Being Tax Aware Now, Can Save You A Big Surprise At The End Of The Year!Submitted by North Main Financial Group, LLC on March 4th, 2019
Hints of Spring are starting to pop up and March Madness is just around the corner and all this can only mean one thing…income tax season is upon us. Whether you are receiving a W2 or 1099 or filling out a Schedule C or a Schedule A, there is a flurry of forms that you are receiving, sending, filling out, and signing for the IRS. If you are anticipating a refund you are probably moving forward with that quickly, and if you’re anticipating you owe money…you may not be moving quite as quickly. Of course, all the while being mindful of that April 15th due date.
As you are pulling together your tax papers, we wanted to highlight a few key things to keep in mind for 2019. And if these things don’t apply to you for 2019, they will hopefully offer food for thought as you are looking ahead to your 2020 tax planning. Being tax-aware now can save you a big surprise at the end of the year!
As financial planners, when we are thinking about prudent kinds of planning things, we look at taxes not because we are accountants or CPA’s, but rather from a planning standpoint because so much of what we do involves taxation. Meaning that the investments you make and distributions that you take are going to have tax implications, sometimes nominal and sometimes significant. At North Main Financial it is important to make sure our clients are aware of the ramifications of the choices they make and secondly, to make sure that we allocate and plan appropriately for either withholding along the way or for tax payments which may be due on a quarterly or annual basis. While there are many things that affect tax planning, we’re going to look at three key items to keep in mind.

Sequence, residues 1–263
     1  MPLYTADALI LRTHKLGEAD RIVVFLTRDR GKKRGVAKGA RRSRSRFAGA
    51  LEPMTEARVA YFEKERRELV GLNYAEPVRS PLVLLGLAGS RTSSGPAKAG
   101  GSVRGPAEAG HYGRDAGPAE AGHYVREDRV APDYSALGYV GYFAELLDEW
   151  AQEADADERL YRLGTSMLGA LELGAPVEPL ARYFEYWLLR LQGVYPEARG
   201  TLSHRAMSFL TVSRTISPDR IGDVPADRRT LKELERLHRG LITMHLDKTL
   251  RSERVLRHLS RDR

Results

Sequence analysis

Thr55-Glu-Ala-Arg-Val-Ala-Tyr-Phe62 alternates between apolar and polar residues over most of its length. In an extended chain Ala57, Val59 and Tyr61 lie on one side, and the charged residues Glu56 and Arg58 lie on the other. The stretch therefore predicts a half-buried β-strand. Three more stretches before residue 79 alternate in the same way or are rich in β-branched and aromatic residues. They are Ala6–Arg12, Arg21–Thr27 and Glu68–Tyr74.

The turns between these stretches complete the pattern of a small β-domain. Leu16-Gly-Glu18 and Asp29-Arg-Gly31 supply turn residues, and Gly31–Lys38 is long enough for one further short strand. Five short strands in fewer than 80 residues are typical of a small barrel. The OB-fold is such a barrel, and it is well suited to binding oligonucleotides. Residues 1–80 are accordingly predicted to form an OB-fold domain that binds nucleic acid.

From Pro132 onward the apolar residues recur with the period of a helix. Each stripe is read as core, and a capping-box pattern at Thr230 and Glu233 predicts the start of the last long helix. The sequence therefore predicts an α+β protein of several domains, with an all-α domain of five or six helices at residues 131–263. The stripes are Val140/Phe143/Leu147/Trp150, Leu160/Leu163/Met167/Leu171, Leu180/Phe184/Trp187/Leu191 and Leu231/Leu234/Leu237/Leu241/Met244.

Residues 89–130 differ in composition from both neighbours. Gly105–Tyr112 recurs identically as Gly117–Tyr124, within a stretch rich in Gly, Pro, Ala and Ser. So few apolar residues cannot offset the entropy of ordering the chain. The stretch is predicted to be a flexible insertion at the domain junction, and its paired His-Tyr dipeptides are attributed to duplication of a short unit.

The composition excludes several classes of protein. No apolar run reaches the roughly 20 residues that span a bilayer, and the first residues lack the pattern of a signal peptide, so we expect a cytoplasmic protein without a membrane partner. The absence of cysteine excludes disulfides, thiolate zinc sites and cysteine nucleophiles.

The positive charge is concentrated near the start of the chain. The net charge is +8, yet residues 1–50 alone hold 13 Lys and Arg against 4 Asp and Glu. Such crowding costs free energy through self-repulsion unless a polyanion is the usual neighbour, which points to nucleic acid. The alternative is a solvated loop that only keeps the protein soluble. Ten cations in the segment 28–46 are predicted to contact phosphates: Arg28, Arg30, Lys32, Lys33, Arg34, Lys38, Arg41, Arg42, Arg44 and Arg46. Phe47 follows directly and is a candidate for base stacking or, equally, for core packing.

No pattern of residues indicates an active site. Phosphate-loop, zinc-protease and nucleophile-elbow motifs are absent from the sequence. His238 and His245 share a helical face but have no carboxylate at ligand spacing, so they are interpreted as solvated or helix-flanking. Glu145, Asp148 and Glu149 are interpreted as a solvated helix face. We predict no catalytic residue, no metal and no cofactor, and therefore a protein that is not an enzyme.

When we are looking at investments and making choices on our investments, there are different ramifications for each style of investment based on a couple of factors. Let’s first look at one of the more traditional open-ended mutual funds. If you own these, they are in a regular, non-qualified or individual or joint account, meaning outside of a retirement plan, so it doesn’t have a tax shield or tax shelter associated with it. It’s important to understand that open-ended mutual funds have a money manager associated with them and that money manager is buying and selling constantly throughout the year. When they do that, they are doing that on behalf of the whole mutual fund and all the shareholders, whether you are buying or selling or not. What that can do is create some taxable gain for you if you are outside of a normal retirement account.
You may also get a capital gain distribution at the end of the year, or during the year, if they have recognized some gains inside of a fund you are invested in. Sometimes those can be very hard to predict. At North Main Financial, from a planning perspective, we try to know as much as we can in advance. We look at what our client’s distributions will be and then try to make sure from a taxation element, if it’s outside a tax shielded or tax-deferred account, that the appropriate tax monies are set aside.
As you are looking at your financial universe, make sure you understand what you own and who is making the decisions relative to how money is invested and distributed around the account. You may or may not have control of an open-ended mutual fund and you may or may not have control over the distributions that are sent to you. Know your space and what that means from a tax implication.
From a taxation standpoint, like capital gains but a little different is dividends. If you own individual stocks, bonds, open-ended mutual funds, exchange-traded funds, ETF’s or similar style investments you are likely familiar with dividends. Dividends are an income distribution to you from your particular security.
Be aware that your stock, bond, etc. may have a dividend element. If you have received a 1099 DIV which shows that you know or are taking the income from your fund on a quarterly or annual basis, it’s important to recognize exactly what kind of dividends are being paid. Are they taxable to you? Are they not taxable to you? Are they taxable at different rates to you? You should also know how much they are so as you are talking about taxes, you understand what the tax ramifications are to you for receiving those dividends.